Two common methods of Medicaid planning are irrevocable trusts and gifting. Outright gifts have the advantage of being simple to do with minimal costs involved. So, why complicate things with a trust? Why not just keep the planning as simple and inexpensive as possible? The short answer is that gift transaction costs are only part of what needs to be considered. Many important benefits that can result from gifting in trust are forfeited by outright gifting. These benefits are what give value to using irrevocable trusts in Medicaid planning.
Asset Protection from Future Creditors of Beneficiaries
A central benefit of gifting in trust is to protect the gifted assets from the creditors and predators of the beneficiaries. This is accomplished by means of a spendthrift provision –special provisions in the trust that make trust assets not subject to attachment, foreclosure, garnishment, or a laundry list of undesirable actions by the creditors of the beneficiaries.
Preservation of Step-Up of Basis
When an appreciated asset is included in a decedent’s taxable estate for federal estate tax purposes, it receives step-up (or down) of basis to the date of death value under Section 1014 of the Tax Code.Normally gifted assets pass to gift donees with “pass through basis”; that is, the donees receive the assets with the donor’s adjusted cost basis, rather than the date of gift value of the assets.If, however, something pulls the assets back into the taxable estate of the donor upon the donor’s death, the donee will own the asset at that point with the donor’s date of death value as his or her basis, rather than the donor’s original adjusted cost basis.For highly appreciated assets, such as the donor’s home or stocks that he or she owned for a long time, obtaining step-up of basis can be a huge benefit for minimizing or eliminating capital gains tax when the donee later sells the assets.This benefit of step-up in basis can easily be forfeited by outright gifting.However, a provision in an irrevocable trust that pulls the property back into the taxable estate of the settlor upon the death of the settlor can preserve step-up of basis for benefit of the donee.With the amount of assets that can pass free of federal estate tax being well beyond the value of most Medicaid planning clients’ estates, estate inclusion and step-up of basis is generally a great benefit to design into the trust, without any actual tax liability.A Limited Power of Appointment retained by the settlor can accomplish this.Other provisions can also cause taxable estate inclusion.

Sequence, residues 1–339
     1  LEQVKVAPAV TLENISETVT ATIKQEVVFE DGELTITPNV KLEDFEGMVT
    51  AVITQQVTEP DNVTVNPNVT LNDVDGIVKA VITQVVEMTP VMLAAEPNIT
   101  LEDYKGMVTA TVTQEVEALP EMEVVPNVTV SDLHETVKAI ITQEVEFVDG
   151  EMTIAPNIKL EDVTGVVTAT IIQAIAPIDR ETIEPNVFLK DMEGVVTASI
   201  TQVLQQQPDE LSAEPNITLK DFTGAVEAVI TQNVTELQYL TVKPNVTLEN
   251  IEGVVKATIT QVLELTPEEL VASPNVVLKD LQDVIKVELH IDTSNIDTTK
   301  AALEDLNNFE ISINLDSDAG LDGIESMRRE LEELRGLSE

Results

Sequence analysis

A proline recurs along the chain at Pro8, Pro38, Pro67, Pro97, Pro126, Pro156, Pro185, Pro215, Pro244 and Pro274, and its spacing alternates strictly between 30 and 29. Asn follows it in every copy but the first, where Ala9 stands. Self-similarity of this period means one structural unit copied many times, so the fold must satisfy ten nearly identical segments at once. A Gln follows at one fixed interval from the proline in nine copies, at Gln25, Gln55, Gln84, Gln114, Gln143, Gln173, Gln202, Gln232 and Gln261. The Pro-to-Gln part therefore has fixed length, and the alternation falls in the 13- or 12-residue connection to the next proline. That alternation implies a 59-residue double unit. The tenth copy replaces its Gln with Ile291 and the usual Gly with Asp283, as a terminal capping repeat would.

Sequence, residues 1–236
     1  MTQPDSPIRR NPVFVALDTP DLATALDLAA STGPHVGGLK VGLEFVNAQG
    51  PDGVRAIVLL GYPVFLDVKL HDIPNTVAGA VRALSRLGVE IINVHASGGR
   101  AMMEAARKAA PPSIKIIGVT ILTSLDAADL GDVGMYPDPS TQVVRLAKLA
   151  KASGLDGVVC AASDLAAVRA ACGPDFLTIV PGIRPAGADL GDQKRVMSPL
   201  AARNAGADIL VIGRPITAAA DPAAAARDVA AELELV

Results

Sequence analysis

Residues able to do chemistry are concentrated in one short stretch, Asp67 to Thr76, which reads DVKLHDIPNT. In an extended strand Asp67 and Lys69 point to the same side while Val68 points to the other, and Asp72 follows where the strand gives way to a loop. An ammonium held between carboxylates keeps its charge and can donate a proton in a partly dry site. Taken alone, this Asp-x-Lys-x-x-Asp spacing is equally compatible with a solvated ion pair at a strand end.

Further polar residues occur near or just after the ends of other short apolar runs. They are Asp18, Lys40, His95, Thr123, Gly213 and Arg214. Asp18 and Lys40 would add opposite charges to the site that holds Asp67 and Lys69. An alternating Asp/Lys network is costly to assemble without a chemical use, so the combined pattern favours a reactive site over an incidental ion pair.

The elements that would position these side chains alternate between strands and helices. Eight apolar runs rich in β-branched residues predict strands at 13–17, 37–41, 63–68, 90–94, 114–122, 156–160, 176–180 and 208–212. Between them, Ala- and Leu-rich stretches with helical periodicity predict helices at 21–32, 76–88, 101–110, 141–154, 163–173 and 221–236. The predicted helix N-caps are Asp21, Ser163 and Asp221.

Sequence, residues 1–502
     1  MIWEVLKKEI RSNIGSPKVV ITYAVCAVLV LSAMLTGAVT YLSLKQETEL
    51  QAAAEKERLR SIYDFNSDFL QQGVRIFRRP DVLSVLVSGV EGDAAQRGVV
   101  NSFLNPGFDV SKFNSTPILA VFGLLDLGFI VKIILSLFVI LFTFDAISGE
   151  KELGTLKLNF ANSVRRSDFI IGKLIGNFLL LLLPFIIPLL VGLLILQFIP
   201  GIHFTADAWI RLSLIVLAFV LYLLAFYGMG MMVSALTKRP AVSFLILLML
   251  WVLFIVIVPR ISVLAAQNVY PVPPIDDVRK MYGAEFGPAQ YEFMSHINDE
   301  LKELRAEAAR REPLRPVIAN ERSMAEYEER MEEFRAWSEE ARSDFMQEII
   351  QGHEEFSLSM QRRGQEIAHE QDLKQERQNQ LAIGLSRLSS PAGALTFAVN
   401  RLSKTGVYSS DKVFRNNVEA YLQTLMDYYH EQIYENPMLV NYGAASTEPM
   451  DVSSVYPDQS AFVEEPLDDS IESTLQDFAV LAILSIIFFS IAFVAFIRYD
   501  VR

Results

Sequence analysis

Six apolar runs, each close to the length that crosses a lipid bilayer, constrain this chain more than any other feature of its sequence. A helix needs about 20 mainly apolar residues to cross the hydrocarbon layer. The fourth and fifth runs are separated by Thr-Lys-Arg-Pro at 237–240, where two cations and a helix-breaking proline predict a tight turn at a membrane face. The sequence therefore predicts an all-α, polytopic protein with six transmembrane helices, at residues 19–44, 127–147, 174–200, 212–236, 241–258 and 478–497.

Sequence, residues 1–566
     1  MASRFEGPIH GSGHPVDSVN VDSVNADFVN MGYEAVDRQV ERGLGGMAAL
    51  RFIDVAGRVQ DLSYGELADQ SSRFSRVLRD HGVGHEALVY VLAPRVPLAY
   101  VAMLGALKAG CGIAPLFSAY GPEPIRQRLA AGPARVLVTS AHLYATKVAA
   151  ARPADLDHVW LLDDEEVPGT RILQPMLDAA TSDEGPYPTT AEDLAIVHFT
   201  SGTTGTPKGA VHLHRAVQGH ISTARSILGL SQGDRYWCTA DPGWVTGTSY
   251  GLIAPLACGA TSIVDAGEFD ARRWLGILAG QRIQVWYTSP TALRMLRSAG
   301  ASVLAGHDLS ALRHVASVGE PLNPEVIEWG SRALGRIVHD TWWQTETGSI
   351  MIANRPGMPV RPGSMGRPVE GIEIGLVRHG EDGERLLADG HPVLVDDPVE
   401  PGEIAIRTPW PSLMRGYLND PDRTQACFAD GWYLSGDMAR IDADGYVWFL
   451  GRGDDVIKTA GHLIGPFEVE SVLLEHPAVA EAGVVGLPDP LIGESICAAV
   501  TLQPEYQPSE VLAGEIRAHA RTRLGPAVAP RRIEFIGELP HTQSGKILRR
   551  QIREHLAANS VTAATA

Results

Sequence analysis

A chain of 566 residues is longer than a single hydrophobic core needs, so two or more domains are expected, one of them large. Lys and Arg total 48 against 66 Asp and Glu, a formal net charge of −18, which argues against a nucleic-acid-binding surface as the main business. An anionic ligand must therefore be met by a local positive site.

Ability to Make Trust Assets Noncountable for Beneficiaries’ Medicaid or SSI